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I'm creating a Tracert program and am wondering if the value "buffer" used in the Ping payload really matters. Can it be anything, or do routers respond differently based on the contents of the buffer?

What about the other parts of an ICMP ping message? Don't Fragment, etc...

http://msdn.microsoft.com/en-us/library/ms144962.aspx

I found one sample that sets the buffer like this:

    byte[] Buffer
    {
        get
        {
            if (_buffer == null)
            {
                _buffer = new byte[32];
                for (int i = 0; i < Buffer.Length; i++)
                {
                    _buffer[i] = 0x65;
                }
            }
            return _buffer;
        }
    }
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3 Answers

No, the data section of an ICMP echo is not meaningful.

It serves as a means to make the request and reply packets larger (potentially past the point of fragmentation, the path's MTU) to test network conditions, but is not handled in any way by ICMP implementations (aside from being copied into the echo reply by a responding device).

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Will any WAN optimization features have an effect here, or does it not matter for these purposes? –  makerofthings7 Sep 1 '11 at 18:06
    
Some OSes (particularly Windows) include timestamps in echo requests and replies. –  Gerald Combs Sep 1 '11 at 18:14
    
Interesting question - I suppose if a compressing optimizer were set to act on ICMP packets, with a remote peer decompressing (which wouldn't make a ton of sense, really - they aren't a ton of traffic and you can't really improve the metric that matters for them, response time), then a packet with pure random data in that section would compress less well than one that just sticks predictable data in there, such as the 0x65 in every byte above. It'd completely depend on the optimizer, though. –  Shane Madden Sep 1 '11 at 18:16
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The data section of an echo request is optional. You only need to include it if you wish to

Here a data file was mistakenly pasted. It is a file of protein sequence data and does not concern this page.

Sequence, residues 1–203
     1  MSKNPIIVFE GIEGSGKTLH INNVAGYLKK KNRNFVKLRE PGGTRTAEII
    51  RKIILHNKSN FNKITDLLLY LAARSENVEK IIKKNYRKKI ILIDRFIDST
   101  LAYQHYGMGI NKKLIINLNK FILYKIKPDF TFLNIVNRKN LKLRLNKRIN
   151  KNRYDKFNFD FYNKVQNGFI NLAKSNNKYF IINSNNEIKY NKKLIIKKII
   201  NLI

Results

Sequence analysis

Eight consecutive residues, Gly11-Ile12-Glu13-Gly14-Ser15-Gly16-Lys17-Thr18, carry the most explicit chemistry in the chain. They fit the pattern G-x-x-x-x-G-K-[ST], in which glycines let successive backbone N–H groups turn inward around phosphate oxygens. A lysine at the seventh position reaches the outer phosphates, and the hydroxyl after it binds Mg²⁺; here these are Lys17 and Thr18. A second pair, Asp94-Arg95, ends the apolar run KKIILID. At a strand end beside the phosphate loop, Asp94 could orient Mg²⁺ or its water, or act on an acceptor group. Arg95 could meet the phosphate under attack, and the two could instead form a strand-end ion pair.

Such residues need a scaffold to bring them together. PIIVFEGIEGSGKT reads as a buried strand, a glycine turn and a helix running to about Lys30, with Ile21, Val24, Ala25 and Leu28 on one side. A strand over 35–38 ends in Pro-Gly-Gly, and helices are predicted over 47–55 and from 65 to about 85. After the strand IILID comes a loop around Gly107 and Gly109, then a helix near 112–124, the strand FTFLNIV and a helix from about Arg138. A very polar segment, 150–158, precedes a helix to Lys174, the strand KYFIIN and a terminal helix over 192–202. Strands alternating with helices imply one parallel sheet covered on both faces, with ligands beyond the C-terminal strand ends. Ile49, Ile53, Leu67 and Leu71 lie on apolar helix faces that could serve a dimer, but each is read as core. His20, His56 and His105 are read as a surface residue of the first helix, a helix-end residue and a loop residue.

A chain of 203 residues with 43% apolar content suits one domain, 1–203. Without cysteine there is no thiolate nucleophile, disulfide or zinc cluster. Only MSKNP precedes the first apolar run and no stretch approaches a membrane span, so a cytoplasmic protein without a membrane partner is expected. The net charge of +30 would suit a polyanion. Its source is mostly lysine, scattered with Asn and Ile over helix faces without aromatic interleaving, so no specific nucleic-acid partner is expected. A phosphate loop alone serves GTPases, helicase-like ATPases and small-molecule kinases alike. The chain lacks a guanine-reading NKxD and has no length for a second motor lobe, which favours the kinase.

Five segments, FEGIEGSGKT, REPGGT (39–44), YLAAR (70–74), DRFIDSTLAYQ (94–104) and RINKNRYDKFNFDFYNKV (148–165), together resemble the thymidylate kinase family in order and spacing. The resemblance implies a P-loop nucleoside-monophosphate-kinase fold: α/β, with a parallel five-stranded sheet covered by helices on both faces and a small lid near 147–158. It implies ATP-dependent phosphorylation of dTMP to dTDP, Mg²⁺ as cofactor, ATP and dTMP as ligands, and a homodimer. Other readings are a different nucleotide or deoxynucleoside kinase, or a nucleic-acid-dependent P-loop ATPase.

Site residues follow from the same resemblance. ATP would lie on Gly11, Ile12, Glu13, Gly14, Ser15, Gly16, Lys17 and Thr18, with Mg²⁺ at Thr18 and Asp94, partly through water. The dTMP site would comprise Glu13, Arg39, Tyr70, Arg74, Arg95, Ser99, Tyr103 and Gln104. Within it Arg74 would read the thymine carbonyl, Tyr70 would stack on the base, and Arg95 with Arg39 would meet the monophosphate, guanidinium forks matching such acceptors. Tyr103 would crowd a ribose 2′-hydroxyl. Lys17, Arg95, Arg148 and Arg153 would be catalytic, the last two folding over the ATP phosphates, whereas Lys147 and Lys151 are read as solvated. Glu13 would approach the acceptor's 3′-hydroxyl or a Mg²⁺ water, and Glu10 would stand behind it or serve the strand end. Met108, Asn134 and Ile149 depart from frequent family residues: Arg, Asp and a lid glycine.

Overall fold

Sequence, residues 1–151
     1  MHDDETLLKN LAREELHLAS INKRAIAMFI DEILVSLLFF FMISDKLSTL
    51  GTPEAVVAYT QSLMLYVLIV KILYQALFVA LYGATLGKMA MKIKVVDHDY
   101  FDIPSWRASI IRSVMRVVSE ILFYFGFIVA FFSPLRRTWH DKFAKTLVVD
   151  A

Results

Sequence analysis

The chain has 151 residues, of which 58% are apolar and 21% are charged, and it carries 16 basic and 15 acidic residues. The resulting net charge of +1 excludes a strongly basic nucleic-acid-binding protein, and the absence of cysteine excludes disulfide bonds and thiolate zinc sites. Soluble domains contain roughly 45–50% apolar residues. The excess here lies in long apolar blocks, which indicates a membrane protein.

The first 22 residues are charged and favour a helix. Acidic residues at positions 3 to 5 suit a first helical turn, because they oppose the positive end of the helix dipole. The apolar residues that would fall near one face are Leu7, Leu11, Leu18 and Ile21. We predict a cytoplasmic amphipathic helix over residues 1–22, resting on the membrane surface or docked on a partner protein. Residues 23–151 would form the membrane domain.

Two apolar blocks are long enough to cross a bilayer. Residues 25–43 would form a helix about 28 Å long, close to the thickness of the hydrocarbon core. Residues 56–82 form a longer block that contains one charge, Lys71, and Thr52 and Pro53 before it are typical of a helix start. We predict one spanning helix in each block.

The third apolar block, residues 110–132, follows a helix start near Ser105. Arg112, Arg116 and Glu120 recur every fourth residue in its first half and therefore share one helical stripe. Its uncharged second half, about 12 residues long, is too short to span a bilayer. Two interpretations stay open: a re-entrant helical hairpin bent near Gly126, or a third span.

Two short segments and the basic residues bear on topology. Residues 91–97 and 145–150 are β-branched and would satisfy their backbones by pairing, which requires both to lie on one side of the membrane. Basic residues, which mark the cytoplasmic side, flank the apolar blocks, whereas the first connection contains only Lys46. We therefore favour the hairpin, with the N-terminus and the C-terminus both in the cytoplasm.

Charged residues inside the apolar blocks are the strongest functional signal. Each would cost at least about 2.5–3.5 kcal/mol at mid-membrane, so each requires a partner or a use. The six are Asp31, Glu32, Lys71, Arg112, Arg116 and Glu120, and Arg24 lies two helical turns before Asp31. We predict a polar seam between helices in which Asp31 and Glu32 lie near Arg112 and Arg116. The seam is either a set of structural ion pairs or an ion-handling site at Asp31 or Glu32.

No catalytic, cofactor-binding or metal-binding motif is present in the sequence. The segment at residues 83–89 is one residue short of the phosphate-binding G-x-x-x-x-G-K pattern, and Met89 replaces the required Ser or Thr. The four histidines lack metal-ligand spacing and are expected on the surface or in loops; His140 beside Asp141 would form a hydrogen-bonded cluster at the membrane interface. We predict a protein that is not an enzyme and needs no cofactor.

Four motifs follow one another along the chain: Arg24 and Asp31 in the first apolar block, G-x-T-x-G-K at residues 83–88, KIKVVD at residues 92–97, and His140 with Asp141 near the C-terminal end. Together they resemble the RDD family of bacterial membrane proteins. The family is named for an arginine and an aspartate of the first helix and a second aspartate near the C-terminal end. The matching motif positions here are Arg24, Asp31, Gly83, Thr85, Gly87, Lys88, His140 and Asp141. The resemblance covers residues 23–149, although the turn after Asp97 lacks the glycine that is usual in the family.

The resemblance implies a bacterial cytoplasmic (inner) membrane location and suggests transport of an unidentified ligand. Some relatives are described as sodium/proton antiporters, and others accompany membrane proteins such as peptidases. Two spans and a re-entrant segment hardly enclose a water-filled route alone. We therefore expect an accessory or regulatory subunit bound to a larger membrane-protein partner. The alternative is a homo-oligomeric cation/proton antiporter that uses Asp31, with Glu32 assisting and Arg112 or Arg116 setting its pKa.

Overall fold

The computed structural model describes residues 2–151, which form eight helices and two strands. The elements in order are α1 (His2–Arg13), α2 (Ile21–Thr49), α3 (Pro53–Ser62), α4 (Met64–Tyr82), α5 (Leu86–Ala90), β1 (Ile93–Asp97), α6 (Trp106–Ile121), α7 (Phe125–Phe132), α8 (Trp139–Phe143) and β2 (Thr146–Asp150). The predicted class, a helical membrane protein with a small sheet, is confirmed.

• make the message larger to test for fragmentation-realated problems
  • test whether specific bit-patterns cause problems for your network devices (e.g. they might interpret long strings of ones or zeroes as a command to enter test mode)

A good reference on this topic is Eric Hall's Internet Core Protocols.

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Isn't the data section (of some length) required with the no-fragment set? –  makerofthings7 Sep 1 '11 at 18:26
    
On linux, I just ran ping -M do -s 0 localhost (which sets don't fragment and does not have a data section) without any trouble. –  sciurus Sep 1 '11 at 21:04
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It depends. For timestamps, redirects, and unreachable messages the payload contains valuable information. Even echo request and reply payloads can contain information like timestamps.

You say that you're writing a traceroute program, but then you use the phrase "Ping payload" which suggests that you're trying to process ICMP echo requests and replies. While it's certainly possible to use ICMP messages for tracing routes (it's your only option with tracert on Windows) you won't be able to trace the complete path in many cases since overzealous admins often block echoes.

You might want to consider using other protocols for your probes, specifically TCP. When tracing the route to a web server for example, traceroute (which uses UDP by defualt) or tracert (ICMP) isn't nearly as useful as nmap -Pn --traceroute -p 80 or tcptraceroute.

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I'm a little confused by this answer... can you be more detailed on the protocols used? Comparing UDP against ICMP isn't clear to me. –  makerofthings7 Sep 1 '11 at 18:15
1  
You're trying to write a traceroute program, correct? Traceroute works by sending probes with low IP (not ICMP) time-to-live values and looking for matching ICMP time-to-live exceeded responses. Although the responses will always be ICMP, the probes themselves can be any protocol that runs on top of IP -- ICMP, UDP, TCP, SCTP, AH, ESP, etc. –  Gerald Combs Sep 1 '11 at 18:29
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